That's done by having a SchemaTest class in your test-tree package (see e.g. test/jmri/configurexml/SchemaTest.java for an example) that checks all the XML files kept there. If that's in place, just put a copy of a (new) typical XML file in the existing "valid" subdirectory.
To more extensively check your schema, you can check that it fails XML files that you think are not valid. There are lots of ways to be not valid, and you don't need to check them all, but if there something specific you want to be sure of, put an example of that in the "invalid" subdirectory. Those files are expected to fail for some specific reason. You should document that reason via comments in the file itself so your colleagues can figure it out later.
If there's no "valid" subdirectory, create one and add it to the end of the SchemaTest class in that package. If there's no SchemaTest class, create one by replicating an existing one, see link above.
That's done by having a LoadAndStoreTest class in your test-tree package (see e.g. test/jmri/configurexml/LoadAndStoreTest.java for an example) that checks all the XML files kept there. If that's in place, just put a copy of a (new) typical XML file in the existing "load" subdirectory.
If there's no "load" subdirectory, create one and add it to the end of the LoadAndStoreTest class in that package. If there's no LoadAndStoreTest class, create one by replicating an existing one, see link above.
When LoadAndStoreTest runs, it loads the files in the load directory one-by-one, storing each back out to the "temp" directory within the local preferences directory, and then compares the input and output files. Sometimes this load-and-store process results in something that's in a different order, or contains more info (e.g. attributes missing from the input file are written with default values in the output file). If the comparison fails, but the output file is still OK when you manually inspect it, copy that output file to the "loadref" directory (create it if needed) within your test package. See test/jmri/configurexml/loadref for an example. LoadAndStoreTest will compare to files it finds here, instead of to the original file in the "load" subdirectory.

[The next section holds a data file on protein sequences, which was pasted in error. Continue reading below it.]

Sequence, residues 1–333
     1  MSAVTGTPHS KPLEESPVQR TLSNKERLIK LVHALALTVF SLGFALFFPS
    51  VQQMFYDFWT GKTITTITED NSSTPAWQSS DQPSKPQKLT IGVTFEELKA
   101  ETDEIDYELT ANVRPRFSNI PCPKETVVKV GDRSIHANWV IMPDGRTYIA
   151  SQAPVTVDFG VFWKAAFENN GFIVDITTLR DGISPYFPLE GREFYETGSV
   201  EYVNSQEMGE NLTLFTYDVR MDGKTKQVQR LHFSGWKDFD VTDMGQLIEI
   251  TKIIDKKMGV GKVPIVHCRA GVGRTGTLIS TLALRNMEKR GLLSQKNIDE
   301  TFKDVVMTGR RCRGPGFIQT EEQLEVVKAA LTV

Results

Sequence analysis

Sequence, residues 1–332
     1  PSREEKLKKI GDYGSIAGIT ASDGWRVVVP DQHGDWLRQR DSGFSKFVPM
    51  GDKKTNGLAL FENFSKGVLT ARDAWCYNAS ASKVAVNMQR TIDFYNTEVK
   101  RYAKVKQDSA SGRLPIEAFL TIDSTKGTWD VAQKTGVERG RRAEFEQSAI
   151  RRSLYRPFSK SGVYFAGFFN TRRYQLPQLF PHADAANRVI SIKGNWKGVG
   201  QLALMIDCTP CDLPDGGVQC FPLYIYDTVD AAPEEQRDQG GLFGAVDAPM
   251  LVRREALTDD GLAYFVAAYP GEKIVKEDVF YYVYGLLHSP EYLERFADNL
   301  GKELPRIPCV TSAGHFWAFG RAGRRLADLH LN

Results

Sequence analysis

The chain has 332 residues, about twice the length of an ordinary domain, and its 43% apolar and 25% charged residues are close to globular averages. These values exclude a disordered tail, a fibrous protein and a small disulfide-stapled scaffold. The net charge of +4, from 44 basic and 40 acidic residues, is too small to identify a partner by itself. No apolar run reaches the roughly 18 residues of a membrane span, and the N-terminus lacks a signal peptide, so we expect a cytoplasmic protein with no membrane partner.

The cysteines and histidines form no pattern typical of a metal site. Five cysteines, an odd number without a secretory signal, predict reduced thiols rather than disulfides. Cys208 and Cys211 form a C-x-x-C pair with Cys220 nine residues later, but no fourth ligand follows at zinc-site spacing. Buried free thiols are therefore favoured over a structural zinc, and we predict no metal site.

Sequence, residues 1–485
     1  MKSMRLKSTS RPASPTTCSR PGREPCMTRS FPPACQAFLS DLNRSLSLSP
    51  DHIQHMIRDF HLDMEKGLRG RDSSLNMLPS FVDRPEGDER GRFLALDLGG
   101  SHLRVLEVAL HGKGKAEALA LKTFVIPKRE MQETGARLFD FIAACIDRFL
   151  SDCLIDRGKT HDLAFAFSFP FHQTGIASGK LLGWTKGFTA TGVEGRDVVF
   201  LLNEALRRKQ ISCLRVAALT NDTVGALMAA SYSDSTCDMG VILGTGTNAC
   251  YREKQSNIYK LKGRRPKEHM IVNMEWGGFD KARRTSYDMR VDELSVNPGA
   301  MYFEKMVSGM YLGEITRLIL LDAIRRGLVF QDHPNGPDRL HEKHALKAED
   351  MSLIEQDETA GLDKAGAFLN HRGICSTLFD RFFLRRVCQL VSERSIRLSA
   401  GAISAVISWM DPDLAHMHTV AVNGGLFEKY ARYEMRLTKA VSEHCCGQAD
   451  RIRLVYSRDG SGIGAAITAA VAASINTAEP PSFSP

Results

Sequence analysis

If your changes to the code cause this testing to fail with older versions of the file, do not change the older file version. Instead, either put an updated output reference in the "loadref" directory, version the schema to allow the older file to continue to load, or improve your code. Backward compatibility is important!
Note: Do not remove or modify any existing XML file checks. Those keep old versions of the files working! If your new code and/or schema breaks the processing of the existing files, you need to either fix your code or version the schema to allow multiple formats to coexist.
Our preferred organization for XML schema is based on the structure of the underlying code: A particular *Xml class is the unit of reuse.
Lots of classes descend from jmri.configurexml.XmAdapter: (see Javadoc)
By convention, provide <xsd:annotation><xsd:appinfo> element containing the class name that reads/writes the element:
<xs:annotation> <xs:documentation> Some human readable docs go here </xs:documentation> <xs:appinfo> <jmri:usingclass configurexml="false">jmri.managers.DefaultSignalSystemManager</jmri:usingclass> </xs:appinfo> </xs:annotation>
This limits the number of types, and keeps the schema files roughly aligned with the classes that do the reading and writing.
There are a few items (elements and attribute groups) that extend across multiple types. They are defined in the types/general.xsd file.
More information on XML schema design patterns is available at the Oracle Java site.
A partial list of the pre-defined types:
For various reasons, we are moving to DocBook format for Copyright, Author and Revision information in our XML files (instance files).
<copyright> <year>2009</year> <year>2010</year> <holder>JMRI</holder> </copyright> <authorgroup> <author> <personname> <firstname>Sample</firstname> <surname>Name</surname> </personname> <email>firstname.lastname@example.org</email> </author> </authorgroup> <revhistory> <revision> <revnumber>1</revnumber> <date>2009-12-28</date> <dauthorinitials>initials</authorinitials> </revision> </revhistory>
For an example, see the NMRA standard decoder definition in xml/decoders/0NMRA.xml.
The exact schema definition for this in schema/docbook
Learning to use these will require some work, as we can't assume that computers using JMRI have internet access, so can't just reference the entire schema as remote entities.